Jan Frederick P. Cruz and Ronald U Mendoza look at this phenomenon of rising political dynasties. Not just in emerging world but in US as well where Clintons and Bushes dynasties have been at the helm since 1990s:
The possibility of a showdown between Hillary Clinton and Jeb Bush in the US Presidential polls may have some political pundits salivating, but perhaps many more Americans wondering. Is political power becoming too concentrated in the US? A Bush or a Clinton was President or Vice President in the US for almost 30 years between 1981 and 2009, a dynastic run that may yet be extended by the 2016 elections.
Elected politicians related by blood or by marriage are considered part of political dynasties, and their relevance to democratisation and economic development applies to both developed and developing democracies. Recent efforts to estimate the share of dynasties in various democratic parliaments indicate that they may range from as low as 6% in the US, to as high as 75% Philippines (Figure 1).
Research shows places where dynasties rule, there is underdevelopment:
Recent research on dynasties in the parliaments of India and the Philippines turn to extensive data on political clans at the local government level, enabling an empirical analysis of the links across dynastic patterns on the one hand, and development indicators on the other.
First, the share of dynasties in the Indian Lok Sahba is around 24%, compared to 75% in the Philippine Congress. When one examines how dynastic incidence at the state level (for India) or provincial level (for the Philippines) is linked to socio-economic indicators, the results seem to confirm a negative correlation between political dynasties and economic development.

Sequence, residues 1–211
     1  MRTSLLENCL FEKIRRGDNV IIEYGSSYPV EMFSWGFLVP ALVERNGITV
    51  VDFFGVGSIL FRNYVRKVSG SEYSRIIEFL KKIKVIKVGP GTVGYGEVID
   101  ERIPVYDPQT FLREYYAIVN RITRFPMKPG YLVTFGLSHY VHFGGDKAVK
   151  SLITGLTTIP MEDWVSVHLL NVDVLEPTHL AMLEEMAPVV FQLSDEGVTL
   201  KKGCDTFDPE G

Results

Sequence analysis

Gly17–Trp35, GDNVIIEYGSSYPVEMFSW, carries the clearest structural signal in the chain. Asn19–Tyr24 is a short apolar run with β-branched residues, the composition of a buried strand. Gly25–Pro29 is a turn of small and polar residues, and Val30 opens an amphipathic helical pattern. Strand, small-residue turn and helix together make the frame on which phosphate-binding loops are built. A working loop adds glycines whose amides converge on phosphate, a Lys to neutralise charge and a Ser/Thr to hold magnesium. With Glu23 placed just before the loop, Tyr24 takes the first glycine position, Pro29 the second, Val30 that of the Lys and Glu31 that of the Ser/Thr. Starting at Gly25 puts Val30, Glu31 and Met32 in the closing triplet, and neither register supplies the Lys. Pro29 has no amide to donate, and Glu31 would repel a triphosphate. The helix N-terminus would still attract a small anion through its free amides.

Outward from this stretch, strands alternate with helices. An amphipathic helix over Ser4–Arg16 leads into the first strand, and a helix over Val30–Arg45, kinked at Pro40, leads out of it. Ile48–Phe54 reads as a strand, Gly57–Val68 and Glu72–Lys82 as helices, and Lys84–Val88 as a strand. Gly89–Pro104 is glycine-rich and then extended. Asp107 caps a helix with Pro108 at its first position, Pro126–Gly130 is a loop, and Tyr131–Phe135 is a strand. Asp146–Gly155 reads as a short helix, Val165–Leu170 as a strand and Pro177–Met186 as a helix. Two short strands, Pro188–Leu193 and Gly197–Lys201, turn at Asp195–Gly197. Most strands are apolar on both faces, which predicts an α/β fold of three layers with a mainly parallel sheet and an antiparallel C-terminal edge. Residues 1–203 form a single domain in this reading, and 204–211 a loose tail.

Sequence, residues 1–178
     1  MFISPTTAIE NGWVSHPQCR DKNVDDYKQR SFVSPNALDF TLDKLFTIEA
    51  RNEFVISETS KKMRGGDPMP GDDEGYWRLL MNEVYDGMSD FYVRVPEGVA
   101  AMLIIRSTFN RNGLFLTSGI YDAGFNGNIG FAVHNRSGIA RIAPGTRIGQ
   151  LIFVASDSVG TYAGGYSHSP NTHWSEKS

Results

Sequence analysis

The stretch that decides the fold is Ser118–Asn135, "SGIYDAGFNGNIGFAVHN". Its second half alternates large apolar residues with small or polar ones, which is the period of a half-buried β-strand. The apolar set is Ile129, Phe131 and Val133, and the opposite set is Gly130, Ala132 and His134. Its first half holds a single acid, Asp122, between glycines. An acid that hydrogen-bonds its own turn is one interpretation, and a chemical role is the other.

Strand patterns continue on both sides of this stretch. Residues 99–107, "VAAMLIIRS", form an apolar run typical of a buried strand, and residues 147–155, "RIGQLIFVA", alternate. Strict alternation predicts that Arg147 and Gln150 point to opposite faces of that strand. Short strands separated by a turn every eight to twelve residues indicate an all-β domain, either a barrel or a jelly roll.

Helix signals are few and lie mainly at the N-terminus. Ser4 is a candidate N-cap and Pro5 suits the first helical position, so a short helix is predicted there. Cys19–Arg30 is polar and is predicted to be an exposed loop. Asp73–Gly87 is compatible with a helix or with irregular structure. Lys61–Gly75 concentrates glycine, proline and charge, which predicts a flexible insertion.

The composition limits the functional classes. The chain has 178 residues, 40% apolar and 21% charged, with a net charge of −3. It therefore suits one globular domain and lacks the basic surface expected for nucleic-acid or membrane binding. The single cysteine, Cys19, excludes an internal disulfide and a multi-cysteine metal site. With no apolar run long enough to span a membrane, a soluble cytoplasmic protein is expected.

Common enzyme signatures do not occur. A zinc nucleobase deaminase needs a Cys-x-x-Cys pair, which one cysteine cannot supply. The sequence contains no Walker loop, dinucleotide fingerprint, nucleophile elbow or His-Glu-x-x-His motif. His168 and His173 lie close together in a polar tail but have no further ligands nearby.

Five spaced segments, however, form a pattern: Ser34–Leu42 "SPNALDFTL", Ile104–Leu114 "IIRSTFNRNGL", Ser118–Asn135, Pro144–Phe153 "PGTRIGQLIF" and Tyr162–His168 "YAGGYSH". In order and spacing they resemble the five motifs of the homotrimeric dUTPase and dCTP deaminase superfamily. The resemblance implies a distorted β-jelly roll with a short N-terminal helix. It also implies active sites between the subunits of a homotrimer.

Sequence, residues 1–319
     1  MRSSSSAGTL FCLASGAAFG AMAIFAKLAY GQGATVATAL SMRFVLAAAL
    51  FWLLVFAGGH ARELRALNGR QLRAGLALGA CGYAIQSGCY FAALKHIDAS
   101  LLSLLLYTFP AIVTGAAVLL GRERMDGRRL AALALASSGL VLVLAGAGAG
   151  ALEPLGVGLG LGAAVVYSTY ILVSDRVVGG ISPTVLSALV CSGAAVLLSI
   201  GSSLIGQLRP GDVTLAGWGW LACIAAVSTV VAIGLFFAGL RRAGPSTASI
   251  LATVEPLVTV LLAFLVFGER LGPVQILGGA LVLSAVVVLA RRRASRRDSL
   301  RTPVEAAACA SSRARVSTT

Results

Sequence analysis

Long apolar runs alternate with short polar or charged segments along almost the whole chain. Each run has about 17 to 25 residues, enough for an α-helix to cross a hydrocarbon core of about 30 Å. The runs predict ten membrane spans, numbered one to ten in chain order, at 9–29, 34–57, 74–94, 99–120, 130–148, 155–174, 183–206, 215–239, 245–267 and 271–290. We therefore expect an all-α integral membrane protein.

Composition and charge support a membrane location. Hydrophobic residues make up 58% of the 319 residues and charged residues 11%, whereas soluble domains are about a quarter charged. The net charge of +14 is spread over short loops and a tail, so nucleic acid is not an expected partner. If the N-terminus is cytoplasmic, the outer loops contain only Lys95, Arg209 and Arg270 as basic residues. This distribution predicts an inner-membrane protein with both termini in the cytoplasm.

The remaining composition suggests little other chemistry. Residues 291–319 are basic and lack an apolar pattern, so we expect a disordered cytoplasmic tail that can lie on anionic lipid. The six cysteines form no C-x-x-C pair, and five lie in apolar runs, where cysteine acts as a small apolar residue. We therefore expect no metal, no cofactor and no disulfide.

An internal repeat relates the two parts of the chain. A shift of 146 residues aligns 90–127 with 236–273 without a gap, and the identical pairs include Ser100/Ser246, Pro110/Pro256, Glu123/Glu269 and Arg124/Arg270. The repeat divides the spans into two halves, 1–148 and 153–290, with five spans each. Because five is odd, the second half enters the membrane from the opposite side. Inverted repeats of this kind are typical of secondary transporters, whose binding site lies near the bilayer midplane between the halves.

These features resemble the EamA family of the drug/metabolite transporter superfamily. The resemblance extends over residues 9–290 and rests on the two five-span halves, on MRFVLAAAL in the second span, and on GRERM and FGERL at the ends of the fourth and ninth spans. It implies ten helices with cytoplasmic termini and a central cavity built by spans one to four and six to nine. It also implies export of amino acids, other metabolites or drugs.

The dynastic share at the state level in India is negatively correlated with annualised state-level economic growth. Moreover, in India, the dynastic concentration is smaller in states where citizens are relatively better off and where the socio-economic standing of the average person is rising.
A similar analysis focused on political dynasties in the Philippines’ local government confirms similar patterns. There is also a negative correlation between Philippine provincial real per capita income and dynastic incidence among local government officials.
Hence, in both India and the Philippines the dynastic share indicator is positively correlated with a rising poor population. In other words, dynastic legislators persist in states where there is low human development and a large poor and vulnerable population.
There are various possible explanations here. Rising living standards could weaken patron-client relations that tend to sustain political dynasties. The more economically independent the typical voter is, the less reliant he or she might be to a local patron. Furthermore, rising incomes may also result in a growing middle class, more competitive options for candidates, and more resources that can be tapped for political campaigns by different groups.
In the end, political dynasties in today’s modern and developing democracies are a reminder of how personalities still dominate the political landscape, be it in Washington, DC or in Bombay and Manila. Democracies do not necessarily reflect a level playing field, when certain political clans wield disproportionately large influence and control over public resources. And in the worst cases, all that political power is not wielded to advance development or reduce poverty. They appear, instead, to be linked to underdevelopment and rising inequality, particularly in countries and regions with relatively weaker democratic institutions.
Whoever said that during elections is the only time the vote of the richest citizen is equivalent to that of the poorest needs to start rethinking whether this still holds true in many democracies.
Hmm. Something which has been known for a while. But power of politics is such that if dynasty politics is possible, they will not just be created but all efforts to sustain it shall remain too..